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Sakurajima EarthCache

Hidden : 07/19/2012
2 out of 5
2 out of 5

Size: Size:   other (other)

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Geocache Description:

This very active volcano provides an example of geography being changed by geological processes in historical times.

Sakurajima has one of the most active volcanos in Japan and indeed in the world, and has the additional "attraction" of being close to a major population centre. The traces of ash can be found everywhere in Kagoshima. The effects of the volcano on the landscape and the geography have been and will continue to be dramatic.

About 22,000 years ago a caldera with a diameter of 20 km was formed, part of which now forms Kagoshima Bay. Some 9,000 years later a new volcano erupted, forming an island. Later lava eruptions created more islands, which in turn were submerged in greater eruptions. This process continued until recent times, when the islands were actually inhabited, such as during the An'Ei Eruption of 1779. One reason for people taking the risk to live there is that the soil is in many places quite fertile (growing 35 kg radishes, for example).
And it was only in 1914 that an eruption caused Sakurajima to become a peninsula. The most recent major eruption was in 1945.

In Japan, this volcanco is exceptional because of the relatively frequent lava streams. In recent years the activity, mostly in the form of ash plumes, has increased from a level of 80 eruptions per year in 2008 to more than a thousand per year now.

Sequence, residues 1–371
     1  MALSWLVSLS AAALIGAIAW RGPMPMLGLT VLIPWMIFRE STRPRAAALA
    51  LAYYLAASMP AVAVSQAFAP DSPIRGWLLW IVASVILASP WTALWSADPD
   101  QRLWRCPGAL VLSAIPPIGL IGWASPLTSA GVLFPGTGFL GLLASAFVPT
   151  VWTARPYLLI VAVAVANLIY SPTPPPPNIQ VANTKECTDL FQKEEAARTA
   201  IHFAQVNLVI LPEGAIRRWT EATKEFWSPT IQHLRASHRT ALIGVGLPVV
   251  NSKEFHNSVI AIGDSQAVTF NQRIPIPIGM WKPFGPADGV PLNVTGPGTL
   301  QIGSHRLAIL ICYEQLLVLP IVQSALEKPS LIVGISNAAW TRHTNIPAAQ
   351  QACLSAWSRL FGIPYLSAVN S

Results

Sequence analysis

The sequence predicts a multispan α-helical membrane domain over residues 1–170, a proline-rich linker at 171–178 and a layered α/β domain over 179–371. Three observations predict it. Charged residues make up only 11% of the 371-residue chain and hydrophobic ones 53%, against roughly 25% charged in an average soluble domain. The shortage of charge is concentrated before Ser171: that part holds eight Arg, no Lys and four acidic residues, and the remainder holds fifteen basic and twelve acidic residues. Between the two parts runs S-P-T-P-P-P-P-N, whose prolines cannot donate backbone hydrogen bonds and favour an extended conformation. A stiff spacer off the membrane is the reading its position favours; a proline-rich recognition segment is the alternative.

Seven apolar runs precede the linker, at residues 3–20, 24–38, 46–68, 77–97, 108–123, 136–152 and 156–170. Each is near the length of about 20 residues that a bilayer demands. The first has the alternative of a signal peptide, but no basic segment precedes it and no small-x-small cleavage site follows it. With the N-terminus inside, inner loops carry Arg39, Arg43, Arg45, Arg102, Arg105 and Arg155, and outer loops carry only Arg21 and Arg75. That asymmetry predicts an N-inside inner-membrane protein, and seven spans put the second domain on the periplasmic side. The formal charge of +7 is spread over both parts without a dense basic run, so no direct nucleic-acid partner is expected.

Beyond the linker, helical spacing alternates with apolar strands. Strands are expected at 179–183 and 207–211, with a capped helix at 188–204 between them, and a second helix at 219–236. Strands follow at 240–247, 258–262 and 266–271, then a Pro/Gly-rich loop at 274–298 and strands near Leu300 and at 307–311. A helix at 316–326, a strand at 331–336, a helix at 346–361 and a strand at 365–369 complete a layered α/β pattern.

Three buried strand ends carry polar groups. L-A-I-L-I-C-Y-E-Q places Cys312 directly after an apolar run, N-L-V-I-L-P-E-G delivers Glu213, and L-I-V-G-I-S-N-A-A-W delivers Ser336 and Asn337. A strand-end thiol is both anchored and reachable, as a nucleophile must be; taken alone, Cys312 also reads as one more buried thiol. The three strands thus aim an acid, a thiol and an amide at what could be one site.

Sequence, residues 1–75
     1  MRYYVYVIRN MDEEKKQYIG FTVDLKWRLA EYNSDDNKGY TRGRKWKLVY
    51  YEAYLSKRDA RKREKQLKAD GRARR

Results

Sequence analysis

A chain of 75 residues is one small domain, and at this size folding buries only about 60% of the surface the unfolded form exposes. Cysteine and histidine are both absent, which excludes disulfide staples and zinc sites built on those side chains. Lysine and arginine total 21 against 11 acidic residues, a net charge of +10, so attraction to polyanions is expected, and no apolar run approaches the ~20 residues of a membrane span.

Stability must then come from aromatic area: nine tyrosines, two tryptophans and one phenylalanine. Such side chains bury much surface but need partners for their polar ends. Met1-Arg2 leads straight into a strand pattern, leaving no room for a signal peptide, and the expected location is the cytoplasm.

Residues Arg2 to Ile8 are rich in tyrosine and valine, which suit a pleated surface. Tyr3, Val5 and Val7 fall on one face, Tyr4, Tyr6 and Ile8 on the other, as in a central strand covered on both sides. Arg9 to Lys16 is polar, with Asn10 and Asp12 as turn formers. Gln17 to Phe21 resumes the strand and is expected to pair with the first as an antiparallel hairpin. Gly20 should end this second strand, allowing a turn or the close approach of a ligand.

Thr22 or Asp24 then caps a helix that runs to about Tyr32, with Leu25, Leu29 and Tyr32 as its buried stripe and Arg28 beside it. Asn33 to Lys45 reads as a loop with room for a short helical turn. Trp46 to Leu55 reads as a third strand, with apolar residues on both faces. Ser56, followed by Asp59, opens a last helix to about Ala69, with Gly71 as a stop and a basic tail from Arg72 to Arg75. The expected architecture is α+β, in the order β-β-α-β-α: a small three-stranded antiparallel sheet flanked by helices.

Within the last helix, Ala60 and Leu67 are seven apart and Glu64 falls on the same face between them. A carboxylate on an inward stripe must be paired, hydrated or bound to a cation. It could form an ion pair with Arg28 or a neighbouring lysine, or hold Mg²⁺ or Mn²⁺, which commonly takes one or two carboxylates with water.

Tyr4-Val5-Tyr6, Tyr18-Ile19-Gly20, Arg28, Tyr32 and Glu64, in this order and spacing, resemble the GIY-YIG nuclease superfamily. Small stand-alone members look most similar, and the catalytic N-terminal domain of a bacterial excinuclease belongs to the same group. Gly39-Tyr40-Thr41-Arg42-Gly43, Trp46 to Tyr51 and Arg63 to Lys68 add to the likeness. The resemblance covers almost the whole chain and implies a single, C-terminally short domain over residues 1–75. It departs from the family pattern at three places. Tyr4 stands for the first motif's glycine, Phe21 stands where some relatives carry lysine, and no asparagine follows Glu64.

The cache location is in front of Sakurajima Visitor Center (open 9-17h), which is managed by enthousiastic volunteers. The center provides historical information, but also collects information about the volcano's current activity, which you can watch on a seismograph. Opposite the Visitors Center is the impressively named Kirishima-Kinkowan National Park - Hakamogoshi-Karasujima Lava Trail, which is the site of a submerged island, and a good place to take a picture of the smoking South Peak.
From the park you also have a good view of the layout of Sakurajima and of the several peaks of the volcano.

From a long-term perspective, eruptions of this volcano have been of three different types with different time scales. The formation of completely new craters has occurred on a time scale of 10,000 years, or twice so far. There have been major lava flows on a time scale of 50 to a 100 years, with "local" effect, meaning on a scale of several kilometers but not affecting the whole of this huge volcano. And there are ash plumes and small lava flows, on a daily basis and increasing. To log this earthcache, please answer the following questions in a message to the cache owner. Do not put the answers in the log, not even in encrypted form. Please use English if at all possible.

Do you think that it is likely that in the foreseeable future (say a few centuries) an eruption will link Sakurajima to the other side of the bay such as to close off the Northern part thereof from the Pacific Ocean? Please explain.

Look at the number of eruptions from 2008 to 2011. Is there a significant change? Speculate what this could mean for the near future.

Optionally, attach a picture to the log of yourself and/or your GPSr in front of Sakurajima's peaks, preferably during an eruption. Usually you don't need to wait long.










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